Five year-olds who watch TV for 3+ hours a day more likely to be antisocial
Five year-olds who watch TV for three or more hours a day are increasingly likely to develop antisocial behaviours, such as fighting or stealing by the age of seven, indicates research published online in Archives of Disease in Childhood.
But the risk is very small, say the authors, who additionally found that time spent playing computer/electronic games had no impact on behaviour.
Prolonged screen viewing time has been linked to various behavioural and emotional problems in children, say the authors, but most research has focused exclusively on television, and almost all of it has been carried out in the US.
They included a representative sample of just over 11,000 children, all of whom were part of the Millennium Cohort Study, which has been tracking the long term health and development of UK children born between 2000 and 2002.
When they were five and then again when they were seven, the children's mothers were asked to describe how well adjusted their offspring were, using a validated Strengths and Difficulties (SDQ) questionnaire.
This contains five scales, measuring conduct problems, emotional symptoms, poor attention span/hyperactivity, difficulties making friends, and empathy and concern for others (pro-social behaviours).
The mums were also asked to report how much time their children spent watching TV and playing computer and electronic games at the age of five.
When they were five, almost two thirds of the children watched TV for between one and three hours every day, with 15% watching more than three hours. Less than 2% watched no TV.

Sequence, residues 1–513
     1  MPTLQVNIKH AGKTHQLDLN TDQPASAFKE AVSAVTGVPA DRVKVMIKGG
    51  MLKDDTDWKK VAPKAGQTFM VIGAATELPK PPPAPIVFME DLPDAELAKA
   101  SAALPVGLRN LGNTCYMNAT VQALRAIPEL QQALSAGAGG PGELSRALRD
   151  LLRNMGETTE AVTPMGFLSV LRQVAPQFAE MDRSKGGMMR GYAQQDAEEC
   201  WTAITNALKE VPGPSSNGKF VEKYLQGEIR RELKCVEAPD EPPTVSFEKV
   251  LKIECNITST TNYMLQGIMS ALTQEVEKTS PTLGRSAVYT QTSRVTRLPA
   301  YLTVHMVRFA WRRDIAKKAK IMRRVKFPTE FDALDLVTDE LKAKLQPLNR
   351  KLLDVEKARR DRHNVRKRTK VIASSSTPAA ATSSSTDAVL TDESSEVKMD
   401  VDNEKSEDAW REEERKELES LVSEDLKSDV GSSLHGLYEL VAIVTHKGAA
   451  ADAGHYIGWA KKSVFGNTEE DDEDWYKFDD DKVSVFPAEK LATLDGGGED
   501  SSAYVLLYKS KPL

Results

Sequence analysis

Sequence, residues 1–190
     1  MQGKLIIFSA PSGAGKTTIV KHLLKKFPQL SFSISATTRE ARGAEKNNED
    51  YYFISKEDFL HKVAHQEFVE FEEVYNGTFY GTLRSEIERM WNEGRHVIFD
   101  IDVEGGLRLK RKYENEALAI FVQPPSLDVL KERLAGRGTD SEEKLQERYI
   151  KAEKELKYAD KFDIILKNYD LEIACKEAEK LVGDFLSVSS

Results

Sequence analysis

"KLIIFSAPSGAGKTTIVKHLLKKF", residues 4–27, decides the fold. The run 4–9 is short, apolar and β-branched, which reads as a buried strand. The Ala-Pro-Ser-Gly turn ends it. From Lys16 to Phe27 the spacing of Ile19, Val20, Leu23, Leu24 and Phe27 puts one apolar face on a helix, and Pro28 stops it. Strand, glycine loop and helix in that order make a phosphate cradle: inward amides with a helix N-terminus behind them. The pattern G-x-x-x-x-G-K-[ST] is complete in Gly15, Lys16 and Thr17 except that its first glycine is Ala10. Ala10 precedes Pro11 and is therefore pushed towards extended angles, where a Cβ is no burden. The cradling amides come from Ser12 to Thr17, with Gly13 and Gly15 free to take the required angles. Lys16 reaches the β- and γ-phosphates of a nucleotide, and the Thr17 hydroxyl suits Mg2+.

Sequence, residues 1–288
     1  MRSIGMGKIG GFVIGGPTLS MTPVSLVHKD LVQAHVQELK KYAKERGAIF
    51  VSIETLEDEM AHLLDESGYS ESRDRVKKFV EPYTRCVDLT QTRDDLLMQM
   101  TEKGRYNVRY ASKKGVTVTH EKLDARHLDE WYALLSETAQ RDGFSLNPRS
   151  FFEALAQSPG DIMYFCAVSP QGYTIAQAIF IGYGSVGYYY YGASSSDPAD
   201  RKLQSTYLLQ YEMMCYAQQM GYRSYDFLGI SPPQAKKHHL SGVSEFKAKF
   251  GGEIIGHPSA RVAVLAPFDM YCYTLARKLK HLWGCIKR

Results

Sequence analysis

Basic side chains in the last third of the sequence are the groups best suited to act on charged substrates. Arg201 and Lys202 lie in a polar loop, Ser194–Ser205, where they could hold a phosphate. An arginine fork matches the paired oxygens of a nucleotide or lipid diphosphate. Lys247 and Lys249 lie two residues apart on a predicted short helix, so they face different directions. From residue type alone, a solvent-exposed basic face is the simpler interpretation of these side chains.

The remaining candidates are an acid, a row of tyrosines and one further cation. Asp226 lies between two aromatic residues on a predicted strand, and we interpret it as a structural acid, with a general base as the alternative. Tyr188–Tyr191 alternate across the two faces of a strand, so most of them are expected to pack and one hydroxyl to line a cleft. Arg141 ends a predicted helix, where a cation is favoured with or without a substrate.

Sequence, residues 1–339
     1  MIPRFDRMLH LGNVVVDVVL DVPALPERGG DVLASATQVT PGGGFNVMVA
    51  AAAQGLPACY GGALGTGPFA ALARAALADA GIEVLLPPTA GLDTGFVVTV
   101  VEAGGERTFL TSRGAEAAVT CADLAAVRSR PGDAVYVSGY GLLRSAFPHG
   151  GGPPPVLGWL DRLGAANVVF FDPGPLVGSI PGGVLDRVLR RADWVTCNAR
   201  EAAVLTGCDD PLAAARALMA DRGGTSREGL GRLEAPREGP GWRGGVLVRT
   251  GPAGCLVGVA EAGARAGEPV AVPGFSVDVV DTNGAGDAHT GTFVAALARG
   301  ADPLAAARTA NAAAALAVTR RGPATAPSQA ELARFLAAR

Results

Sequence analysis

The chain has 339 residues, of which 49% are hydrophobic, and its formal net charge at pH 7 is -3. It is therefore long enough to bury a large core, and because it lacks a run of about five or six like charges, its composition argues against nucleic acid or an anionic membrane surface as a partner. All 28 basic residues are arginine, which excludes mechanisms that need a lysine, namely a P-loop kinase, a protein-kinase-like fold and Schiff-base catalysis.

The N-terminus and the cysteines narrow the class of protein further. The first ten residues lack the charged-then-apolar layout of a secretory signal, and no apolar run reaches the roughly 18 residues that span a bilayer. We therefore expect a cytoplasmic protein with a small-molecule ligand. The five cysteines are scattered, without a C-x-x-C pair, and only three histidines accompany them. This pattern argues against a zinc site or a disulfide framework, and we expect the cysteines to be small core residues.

But at this age, they spent considerably less time playing electronic games, and only 3% spent three or more hours engaged in this activity every day.
After taking account of influential factors, including parenting and family dynamics, watching TV for three or more hours a day was significantly associated with a very small increased risk of antisocial behaviour (conduct problems) between the ages of five and seven.
But spending a lot of time in front of the TV was not linked to other difficulties such as emotional problems or attention issues. And spending time playing electronic games had no similar impact, the analysis showed, although this might reflect the fact that children spent less time playing games than they did watching TV, say the authors.
They point out that the links between heavy screen time and mental health may be indirect, rather than direct, such as increased sedentary behaviour, sleeping difficulties, and impaired language development, and that the child's own temperament may predict screen time habits.
But they conclude that their study "suggests that a cautionary approach to the heavy use of screen entertainment in young children is justifiable in terms of potential effects on wellbeing, particularly conduct problems, in addition to effects on physical health and academic progress shown elsewhere."